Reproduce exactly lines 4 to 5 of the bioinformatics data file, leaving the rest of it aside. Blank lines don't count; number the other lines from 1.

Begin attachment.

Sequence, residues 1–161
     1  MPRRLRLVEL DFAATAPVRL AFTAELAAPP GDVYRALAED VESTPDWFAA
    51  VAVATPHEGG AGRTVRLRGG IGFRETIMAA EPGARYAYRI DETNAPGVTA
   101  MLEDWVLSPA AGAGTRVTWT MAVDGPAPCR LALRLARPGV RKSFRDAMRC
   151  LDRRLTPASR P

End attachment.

   101  MLEDWVLSPA AGAGTRVTWT MAVDGPAPCR LALRLARPGV RKSFRDAMRC
   151  LDRRLTPASR P